their families and friends. It provides information about open-angle glaucoma,
the most common form of glaucoma. This booklet answers questions about the cause
and symptoms of the disease and discusses diagnosis and types of
The National Eye Institute (NEI) conducts and supports research
that leads to sight-saving treatments and plays a key role in reducing visual
impairment and blindness. The NEI is part of the National Institutes of Health
(NIH), an agency of the U.S. Department of Health and Human Services.
What is glaucoma?
Glaucoma is a group of diseases that can damage the eye’s optic nerve and
result in vision loss and blindness. However, with early treatment, you can
often protect your eyes against serious vision loss.
What is the optic nerve?
The optic nerve is a bundle of more than 1 million nerve fibers. It connects
the retina to the brain. (See diagram below.) The retina is the light-sensitive
tissue at the back of the eye. A healthy optic nerve is necessary for good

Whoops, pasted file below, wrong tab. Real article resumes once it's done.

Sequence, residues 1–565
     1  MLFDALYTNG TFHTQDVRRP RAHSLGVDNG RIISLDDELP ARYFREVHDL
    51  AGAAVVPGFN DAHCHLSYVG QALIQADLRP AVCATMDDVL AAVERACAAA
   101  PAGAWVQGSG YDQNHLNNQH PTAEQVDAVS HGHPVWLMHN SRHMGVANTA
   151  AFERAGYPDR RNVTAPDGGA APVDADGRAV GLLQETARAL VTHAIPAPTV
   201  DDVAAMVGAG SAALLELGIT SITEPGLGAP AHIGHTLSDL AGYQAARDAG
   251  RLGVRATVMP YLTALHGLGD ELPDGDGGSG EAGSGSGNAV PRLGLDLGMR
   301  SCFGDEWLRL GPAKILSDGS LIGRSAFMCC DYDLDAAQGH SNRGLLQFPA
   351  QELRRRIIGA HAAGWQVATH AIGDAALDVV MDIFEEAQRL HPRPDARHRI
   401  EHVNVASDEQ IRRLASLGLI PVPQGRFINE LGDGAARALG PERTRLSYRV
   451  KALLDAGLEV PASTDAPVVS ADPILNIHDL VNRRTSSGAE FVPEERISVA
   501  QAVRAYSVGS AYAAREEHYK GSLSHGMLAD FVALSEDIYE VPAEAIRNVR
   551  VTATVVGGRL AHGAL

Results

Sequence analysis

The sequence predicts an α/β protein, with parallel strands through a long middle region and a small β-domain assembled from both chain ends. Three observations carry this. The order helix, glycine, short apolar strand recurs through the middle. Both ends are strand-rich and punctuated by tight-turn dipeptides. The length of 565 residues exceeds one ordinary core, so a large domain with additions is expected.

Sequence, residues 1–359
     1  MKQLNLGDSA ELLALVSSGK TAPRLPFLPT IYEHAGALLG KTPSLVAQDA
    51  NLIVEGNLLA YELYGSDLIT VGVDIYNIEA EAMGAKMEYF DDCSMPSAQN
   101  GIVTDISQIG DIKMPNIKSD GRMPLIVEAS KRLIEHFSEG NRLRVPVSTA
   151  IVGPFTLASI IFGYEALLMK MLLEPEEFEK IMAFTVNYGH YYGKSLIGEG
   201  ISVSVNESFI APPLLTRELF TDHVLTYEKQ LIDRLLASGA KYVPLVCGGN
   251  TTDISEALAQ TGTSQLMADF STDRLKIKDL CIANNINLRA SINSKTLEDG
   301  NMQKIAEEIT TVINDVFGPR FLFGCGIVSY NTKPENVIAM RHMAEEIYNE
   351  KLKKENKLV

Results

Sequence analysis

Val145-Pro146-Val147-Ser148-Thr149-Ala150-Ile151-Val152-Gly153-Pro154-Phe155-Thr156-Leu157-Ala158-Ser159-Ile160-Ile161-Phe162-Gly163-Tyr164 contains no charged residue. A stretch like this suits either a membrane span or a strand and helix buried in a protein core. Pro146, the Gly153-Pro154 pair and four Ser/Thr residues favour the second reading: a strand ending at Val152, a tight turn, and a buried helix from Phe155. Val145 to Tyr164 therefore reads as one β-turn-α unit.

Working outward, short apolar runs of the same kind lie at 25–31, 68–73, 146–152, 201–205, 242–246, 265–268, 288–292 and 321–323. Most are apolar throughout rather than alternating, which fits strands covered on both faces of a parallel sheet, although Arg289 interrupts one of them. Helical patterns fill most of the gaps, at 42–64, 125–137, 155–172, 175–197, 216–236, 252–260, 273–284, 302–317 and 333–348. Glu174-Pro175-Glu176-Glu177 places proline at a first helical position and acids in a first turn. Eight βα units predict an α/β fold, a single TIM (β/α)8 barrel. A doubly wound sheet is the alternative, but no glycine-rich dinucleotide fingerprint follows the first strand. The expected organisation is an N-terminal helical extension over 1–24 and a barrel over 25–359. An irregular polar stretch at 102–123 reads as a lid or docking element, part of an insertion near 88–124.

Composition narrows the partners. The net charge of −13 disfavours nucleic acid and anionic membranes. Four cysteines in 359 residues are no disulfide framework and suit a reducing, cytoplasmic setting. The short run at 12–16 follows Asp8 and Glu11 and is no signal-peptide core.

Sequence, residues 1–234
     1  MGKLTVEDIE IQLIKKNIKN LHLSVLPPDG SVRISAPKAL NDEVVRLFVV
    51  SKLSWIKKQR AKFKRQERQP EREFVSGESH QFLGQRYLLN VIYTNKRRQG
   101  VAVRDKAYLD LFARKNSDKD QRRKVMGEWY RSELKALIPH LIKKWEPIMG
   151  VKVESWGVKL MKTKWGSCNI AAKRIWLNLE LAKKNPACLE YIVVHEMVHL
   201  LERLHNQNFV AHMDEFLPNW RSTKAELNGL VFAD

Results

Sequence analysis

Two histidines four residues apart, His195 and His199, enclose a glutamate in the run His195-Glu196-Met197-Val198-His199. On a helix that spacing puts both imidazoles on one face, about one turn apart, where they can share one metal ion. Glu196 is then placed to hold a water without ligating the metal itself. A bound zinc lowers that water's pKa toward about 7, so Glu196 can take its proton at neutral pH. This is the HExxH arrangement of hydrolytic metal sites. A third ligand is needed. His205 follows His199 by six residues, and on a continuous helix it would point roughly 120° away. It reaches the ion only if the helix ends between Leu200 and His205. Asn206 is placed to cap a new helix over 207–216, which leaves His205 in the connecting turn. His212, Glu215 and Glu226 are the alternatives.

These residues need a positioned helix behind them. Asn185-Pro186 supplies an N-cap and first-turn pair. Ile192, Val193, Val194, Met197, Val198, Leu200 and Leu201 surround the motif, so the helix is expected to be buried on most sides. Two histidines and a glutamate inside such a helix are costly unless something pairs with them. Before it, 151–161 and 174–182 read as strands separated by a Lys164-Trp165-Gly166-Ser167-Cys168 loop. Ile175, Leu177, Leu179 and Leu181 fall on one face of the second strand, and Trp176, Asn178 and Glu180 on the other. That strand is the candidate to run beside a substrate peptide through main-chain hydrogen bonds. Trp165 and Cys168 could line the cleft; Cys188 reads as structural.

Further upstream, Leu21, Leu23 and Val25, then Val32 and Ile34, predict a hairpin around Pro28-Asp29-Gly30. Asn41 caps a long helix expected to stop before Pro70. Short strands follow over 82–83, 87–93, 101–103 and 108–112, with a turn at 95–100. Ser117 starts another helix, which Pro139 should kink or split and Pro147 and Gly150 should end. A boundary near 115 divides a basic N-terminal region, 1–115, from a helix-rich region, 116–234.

In the front of the eye is a space called the anterior chamber. A clear fluid
flows continuously in and out of the chamber and nourishes nearby tissues. The
fluid leaves the chamber at the open angle where the cornea and iris meet. (See
diagram below.) When the fluid reaches the angle, it flows through a spongy
meshwork, like a drain, and leaves the eye.
Sometimes, when the fluid reaches the angle, it passes too slowly through the
meshwork drain. As the fluid builds up, the pressure inside the eye rises to a
level that may damage the optic nerve. When the optic nerve is damaged from
increased pressure, open-angle glaucoma–and vision loss–may result. That’s why
controlling pressure inside the eye is important.
Not necessarily. Increased eye pressure means you are at risk for glaucoma,
but does not mean you have the disease. A person has glaucoma only if the optic
nerve is damaged. If you have increased eye pressure but no damage to the optic
nerve, you do not have glaucoma. However, you are at risk. Follow the advice of
your eye care professional.
Not necessarily. Not every person with increased eye pressure will develop
glaucoma. Some people can tolerate higher eye pressure better than others. Also,
a certain level of eye pressure may be high for one person but normal for
Whether you develop glaucoma depends on the level of pressure your optic
nerve can tolerate without being damaged. This level is different for each
person. That’s why a comprehensive dilated eye exam is very important. It can
help your eye care professional determine what level of eye pressure is normal